Finding her voice in a family of singers.
Immersed in music from a young age, Allred and her three younger sisters moved from Pennsylvania to Utah when she was 14 years old. Her father is Salt Lake Choral Artists conductor Dr. Brady Allred, and her mother is renowned classical soprano Dr. Carol Ann Allred. The couple married during their early studies at Brigham Young University in the 1980s.“I had music around me at all times,” Allred said. “I’d wake up in the morning to the sounds of my mom teaching voice lessons downstairs, and sometimes I tagged along to my dad’s work at (the University of Utah) to watch him conduct. I often watched them in concert together — my mom singing solos with my dad’s choir.” 
family
Used with permission from Loren AllredUtah singer Loren Allred (middle), shown with her sisters and parents, conductor Brady Allred (far left) and singer Dr. Carol Ann Allred (far right).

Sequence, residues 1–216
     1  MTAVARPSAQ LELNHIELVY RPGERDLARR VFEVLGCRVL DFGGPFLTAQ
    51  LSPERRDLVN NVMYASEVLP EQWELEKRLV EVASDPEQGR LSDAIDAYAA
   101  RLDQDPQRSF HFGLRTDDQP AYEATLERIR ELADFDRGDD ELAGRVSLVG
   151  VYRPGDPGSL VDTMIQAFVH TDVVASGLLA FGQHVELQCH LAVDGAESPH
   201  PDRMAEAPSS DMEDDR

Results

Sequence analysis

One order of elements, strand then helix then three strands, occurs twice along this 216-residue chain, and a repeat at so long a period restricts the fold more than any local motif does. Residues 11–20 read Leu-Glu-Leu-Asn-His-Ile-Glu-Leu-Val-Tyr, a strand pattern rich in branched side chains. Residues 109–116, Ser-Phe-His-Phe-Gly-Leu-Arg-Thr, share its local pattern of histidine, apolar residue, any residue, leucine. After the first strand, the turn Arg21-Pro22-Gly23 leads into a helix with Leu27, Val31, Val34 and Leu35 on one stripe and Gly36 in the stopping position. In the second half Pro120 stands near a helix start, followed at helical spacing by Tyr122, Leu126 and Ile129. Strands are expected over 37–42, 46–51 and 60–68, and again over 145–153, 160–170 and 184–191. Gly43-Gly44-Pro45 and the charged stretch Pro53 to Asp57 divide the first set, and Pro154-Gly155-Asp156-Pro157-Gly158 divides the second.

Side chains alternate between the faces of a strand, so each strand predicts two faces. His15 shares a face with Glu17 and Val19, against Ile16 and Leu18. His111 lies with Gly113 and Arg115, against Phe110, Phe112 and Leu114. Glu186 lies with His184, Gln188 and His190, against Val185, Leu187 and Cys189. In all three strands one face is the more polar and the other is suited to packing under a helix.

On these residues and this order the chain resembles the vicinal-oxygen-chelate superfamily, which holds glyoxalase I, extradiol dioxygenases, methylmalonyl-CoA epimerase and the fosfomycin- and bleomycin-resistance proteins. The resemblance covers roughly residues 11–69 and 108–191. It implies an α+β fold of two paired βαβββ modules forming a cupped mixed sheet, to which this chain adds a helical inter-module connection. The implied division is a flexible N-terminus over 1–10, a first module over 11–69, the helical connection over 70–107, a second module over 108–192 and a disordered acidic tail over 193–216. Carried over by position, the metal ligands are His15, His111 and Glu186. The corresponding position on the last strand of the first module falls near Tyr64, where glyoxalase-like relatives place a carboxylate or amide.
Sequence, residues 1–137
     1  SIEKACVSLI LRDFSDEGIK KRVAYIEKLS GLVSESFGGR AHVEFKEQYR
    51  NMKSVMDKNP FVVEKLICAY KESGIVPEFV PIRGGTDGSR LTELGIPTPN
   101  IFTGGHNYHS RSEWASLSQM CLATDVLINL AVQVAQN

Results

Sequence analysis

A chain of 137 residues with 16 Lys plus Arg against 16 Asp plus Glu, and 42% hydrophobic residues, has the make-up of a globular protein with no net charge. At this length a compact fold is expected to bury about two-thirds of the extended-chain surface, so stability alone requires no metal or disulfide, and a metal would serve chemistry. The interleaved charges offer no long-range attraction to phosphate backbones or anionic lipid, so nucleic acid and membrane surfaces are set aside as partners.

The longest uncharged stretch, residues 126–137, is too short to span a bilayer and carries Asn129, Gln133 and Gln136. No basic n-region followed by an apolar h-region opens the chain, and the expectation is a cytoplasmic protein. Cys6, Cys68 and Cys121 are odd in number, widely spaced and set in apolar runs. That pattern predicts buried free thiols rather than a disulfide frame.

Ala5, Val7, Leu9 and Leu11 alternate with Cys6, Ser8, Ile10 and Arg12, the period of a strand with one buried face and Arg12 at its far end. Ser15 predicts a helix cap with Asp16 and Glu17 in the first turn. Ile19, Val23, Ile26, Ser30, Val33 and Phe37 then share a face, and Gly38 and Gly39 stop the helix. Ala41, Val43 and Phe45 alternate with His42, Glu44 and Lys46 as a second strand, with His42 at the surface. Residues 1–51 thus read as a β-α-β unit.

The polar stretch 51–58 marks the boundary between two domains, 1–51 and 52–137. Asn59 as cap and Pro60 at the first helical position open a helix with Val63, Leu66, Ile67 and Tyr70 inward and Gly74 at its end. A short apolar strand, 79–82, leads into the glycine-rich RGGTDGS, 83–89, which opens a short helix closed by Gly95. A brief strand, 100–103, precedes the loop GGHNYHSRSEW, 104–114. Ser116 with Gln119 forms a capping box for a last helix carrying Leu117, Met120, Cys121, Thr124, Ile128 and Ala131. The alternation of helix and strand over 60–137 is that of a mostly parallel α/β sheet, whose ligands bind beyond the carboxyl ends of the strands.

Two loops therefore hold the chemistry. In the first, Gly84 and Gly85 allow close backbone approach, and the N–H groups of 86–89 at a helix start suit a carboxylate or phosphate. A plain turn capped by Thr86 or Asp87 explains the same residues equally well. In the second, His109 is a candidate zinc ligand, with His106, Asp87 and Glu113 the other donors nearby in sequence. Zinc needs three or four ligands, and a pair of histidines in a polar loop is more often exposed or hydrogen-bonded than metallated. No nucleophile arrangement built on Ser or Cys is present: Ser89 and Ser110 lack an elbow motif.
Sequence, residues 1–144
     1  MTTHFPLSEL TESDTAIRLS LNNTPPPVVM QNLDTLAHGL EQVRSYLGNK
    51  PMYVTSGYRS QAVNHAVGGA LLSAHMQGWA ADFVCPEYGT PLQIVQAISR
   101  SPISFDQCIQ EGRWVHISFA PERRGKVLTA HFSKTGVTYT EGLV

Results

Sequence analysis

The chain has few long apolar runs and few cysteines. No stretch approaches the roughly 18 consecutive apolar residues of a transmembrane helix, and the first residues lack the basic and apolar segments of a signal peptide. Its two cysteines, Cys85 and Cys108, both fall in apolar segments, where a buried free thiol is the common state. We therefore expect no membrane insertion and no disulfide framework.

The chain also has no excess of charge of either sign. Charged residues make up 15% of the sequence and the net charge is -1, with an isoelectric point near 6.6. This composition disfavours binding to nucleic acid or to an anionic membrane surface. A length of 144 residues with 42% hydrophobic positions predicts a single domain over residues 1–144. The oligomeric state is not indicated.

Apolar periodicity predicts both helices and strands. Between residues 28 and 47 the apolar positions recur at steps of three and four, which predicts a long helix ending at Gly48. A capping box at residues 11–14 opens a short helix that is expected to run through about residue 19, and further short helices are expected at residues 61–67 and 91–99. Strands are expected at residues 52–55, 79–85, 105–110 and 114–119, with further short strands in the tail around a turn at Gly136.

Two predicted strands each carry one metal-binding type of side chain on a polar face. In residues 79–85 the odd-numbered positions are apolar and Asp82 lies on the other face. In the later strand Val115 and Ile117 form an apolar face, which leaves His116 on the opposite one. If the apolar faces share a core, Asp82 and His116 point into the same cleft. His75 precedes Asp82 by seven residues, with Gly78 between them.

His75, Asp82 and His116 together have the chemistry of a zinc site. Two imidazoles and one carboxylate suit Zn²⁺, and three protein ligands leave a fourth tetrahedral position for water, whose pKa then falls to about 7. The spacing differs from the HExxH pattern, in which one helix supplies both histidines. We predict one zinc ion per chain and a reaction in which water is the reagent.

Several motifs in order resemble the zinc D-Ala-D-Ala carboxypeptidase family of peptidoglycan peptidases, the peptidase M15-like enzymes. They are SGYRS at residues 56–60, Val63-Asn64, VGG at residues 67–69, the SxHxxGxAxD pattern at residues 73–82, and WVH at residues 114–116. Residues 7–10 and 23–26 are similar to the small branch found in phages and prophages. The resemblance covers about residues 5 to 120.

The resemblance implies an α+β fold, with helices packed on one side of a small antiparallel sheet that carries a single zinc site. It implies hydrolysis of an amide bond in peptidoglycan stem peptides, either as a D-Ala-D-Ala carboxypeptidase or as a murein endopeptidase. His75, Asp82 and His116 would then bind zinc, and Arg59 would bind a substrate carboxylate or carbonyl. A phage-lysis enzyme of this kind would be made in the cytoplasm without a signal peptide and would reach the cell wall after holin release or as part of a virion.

Allred’s parents are convinced her penchant for music took form at an even earlier stage.“We felt that Loren was destined to love music because Carol Ann was pregnant with her while performing as the soloist for Mozart’s C Minor Mass,” said her laughing dad, Brady Allred, who conducted the piece for his doctoral concert. “So there she was, inside of her mom listening to all these arias for days on end.”While she grew up with a deep appreciation for the classical genre, Loren Allred said it was the discovery of a Mariah Carey cassette tape that changed things.“I started listening to that and got excited in a new way because at my house it was mostly just classical and choral stuff,” she said. “I fell in love with Celine Dion and Toni Braxton’s albums and as I’d try out my voice on these songs, I sounded better than I expected.”And while her parents say they supported her departure from the classical genre, they laughingly admit there were some bumps in the road.“When our daughters came home for Christmas recently, they reminded us of a time when Brady heard Loren struggling to belt-sing down in her room. That’s what you have to do when you’re trying new things sometimes — you make some bad sounds,” explained Carol Ann Allred. “So, he went downstairs in a huff, saying, ‘You’re hurting yourself!’”Their daughter eventually did find her way to a pop-and-soul sound that suited her voice, training under several teachers other than her parents, who said they wanted to remain part of her cheering section rather than becoming her critics.